When Paul Huddleston, president of the Austin Pride Foundation, and Council Member Mike Martinez held discussions with local business owners, the two were met with unexpected hostility from the Hangar, Truluck’s, Cedar Street Court\0xADyard, and Peche. “I was blown away by what I was hearing,” said Steph Smith, business development director of L Style G Style. “In a public meeting at City Hall, people were actually visibly angered by the idea.” Rob Pate, Peche’s owner, said, “Oilcan’s, Castro’s, and Rain are absolutely wonderful neighbors, but when you deviate from the norm, it could open a Pandora’s box.”
Some of the objectors felt they had succeeded in putting the kibosh on the conversation altogether by declaring anything but standard white crosswalks illegal. We made a few phone calls. Texas’ adoption of crosswalk art actually predates the California rainbow crosswalk idea by several years. Hous\0xADton’s Museum of Fine Arts installed kinetic op-art on several adjacent crosswalks in 2009. Minnette Boesel, special assistant to Houston Mayor Annise Parker on cultural affairs, was quick to reply when asked about the legal and safety concerns: “There have been none that I am aware of. Everyone loves [the crosswalks]. I’ve never heard anything but praise for them.”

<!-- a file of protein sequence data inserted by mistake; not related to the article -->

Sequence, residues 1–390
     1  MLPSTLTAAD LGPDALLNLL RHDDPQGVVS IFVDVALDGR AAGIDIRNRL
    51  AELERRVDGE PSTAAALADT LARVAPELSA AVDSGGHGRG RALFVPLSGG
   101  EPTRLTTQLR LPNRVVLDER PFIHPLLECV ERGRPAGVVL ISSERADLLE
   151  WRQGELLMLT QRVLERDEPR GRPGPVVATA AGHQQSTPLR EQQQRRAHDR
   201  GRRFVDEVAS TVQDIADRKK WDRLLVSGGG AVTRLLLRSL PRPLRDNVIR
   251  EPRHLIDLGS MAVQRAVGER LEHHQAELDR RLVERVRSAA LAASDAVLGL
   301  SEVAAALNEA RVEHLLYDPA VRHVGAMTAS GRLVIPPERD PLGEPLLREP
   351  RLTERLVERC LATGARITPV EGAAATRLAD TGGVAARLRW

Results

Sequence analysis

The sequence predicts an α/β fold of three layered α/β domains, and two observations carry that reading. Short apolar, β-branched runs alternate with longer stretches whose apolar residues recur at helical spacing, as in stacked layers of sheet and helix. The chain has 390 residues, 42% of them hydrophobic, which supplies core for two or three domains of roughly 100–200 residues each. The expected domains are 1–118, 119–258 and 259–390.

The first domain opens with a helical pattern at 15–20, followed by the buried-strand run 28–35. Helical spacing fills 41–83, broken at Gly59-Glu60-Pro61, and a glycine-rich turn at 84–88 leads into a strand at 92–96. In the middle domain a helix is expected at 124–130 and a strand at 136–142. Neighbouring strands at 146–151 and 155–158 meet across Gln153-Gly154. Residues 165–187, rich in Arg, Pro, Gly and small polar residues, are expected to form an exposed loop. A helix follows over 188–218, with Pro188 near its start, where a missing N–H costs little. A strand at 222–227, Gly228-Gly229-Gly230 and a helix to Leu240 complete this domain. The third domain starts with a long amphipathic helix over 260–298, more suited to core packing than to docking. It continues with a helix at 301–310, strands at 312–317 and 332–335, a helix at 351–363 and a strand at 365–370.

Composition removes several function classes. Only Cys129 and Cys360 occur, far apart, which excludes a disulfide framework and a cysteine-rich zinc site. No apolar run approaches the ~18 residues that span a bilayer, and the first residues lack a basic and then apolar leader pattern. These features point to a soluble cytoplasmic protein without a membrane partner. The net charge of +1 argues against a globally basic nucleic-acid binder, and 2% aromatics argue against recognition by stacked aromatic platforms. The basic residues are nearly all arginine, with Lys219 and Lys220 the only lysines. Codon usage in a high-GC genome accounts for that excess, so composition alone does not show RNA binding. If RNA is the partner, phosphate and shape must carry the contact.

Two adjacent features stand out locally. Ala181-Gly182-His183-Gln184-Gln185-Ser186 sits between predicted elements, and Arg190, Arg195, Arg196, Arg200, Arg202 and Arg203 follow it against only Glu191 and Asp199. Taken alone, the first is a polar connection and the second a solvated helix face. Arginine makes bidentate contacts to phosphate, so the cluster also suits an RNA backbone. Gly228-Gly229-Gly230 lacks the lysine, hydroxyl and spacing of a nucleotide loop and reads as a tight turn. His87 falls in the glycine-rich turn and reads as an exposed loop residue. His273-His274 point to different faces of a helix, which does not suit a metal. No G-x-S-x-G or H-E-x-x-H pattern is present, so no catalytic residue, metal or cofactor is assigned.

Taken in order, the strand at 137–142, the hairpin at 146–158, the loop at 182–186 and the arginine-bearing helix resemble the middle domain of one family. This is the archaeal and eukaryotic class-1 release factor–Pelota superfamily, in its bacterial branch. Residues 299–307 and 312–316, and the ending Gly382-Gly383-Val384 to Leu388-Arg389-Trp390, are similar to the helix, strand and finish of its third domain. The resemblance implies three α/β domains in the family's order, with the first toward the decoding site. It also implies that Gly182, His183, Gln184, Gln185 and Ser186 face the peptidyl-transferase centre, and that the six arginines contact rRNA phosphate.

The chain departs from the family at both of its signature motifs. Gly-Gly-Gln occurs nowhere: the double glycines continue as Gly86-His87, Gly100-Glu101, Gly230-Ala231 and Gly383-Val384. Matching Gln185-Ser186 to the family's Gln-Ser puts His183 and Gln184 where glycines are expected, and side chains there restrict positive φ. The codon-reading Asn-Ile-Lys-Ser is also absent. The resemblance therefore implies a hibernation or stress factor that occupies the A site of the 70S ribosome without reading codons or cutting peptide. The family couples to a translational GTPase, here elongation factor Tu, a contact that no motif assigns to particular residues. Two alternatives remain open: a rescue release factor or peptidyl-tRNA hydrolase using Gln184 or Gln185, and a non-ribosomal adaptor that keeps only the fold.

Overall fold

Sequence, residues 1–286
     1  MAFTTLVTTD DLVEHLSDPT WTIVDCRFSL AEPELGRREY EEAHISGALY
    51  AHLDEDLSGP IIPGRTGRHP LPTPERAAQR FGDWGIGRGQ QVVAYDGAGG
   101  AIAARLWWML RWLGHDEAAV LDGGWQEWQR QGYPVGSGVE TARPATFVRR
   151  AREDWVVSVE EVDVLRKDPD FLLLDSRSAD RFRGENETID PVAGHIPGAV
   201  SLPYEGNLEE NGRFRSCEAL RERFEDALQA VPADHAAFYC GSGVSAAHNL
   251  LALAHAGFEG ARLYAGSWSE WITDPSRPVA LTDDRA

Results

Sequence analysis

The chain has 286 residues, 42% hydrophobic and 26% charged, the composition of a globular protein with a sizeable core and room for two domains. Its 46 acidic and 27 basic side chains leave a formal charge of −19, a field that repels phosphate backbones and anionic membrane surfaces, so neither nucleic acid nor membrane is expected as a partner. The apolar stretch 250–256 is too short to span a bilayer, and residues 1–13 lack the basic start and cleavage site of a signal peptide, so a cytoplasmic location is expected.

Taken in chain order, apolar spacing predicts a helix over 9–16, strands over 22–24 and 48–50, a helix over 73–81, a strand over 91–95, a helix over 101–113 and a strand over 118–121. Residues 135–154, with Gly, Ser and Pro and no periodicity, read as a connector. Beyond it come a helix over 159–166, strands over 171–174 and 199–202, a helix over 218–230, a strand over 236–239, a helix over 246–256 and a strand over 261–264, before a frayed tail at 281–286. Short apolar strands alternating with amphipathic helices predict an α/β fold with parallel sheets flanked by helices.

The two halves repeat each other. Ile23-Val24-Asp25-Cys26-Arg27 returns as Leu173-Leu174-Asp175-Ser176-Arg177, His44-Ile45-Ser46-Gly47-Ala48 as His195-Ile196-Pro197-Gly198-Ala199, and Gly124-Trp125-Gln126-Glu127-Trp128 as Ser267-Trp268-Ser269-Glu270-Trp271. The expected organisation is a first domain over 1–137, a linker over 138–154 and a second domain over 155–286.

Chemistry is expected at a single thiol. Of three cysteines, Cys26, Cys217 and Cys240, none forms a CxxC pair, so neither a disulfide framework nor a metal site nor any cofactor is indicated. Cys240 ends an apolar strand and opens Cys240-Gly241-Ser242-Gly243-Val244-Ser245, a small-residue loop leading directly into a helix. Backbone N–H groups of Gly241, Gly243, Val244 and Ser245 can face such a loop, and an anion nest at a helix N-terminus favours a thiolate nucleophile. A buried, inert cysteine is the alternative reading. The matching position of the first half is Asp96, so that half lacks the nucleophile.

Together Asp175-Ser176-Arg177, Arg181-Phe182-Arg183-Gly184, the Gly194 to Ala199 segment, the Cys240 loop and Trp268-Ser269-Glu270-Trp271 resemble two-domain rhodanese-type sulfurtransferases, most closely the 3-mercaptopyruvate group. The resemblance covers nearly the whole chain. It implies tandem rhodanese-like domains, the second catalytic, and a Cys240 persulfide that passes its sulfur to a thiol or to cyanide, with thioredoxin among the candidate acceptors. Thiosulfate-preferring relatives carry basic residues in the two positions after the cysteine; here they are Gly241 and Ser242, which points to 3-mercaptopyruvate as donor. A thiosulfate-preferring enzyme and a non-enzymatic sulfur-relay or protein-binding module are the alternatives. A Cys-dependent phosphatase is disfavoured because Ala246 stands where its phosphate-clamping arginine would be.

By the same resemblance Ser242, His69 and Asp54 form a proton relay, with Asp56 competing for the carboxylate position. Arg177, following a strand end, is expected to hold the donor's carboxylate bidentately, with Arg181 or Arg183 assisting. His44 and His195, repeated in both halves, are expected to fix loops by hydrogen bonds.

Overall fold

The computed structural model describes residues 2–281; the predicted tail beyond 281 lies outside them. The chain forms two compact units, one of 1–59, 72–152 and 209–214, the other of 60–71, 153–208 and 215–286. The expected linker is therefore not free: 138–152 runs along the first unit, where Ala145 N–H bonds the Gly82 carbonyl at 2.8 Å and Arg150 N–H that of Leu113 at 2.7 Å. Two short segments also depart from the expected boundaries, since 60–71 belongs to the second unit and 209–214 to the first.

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Authored By David Estlund- See the Full Story at the Austin Chronicle
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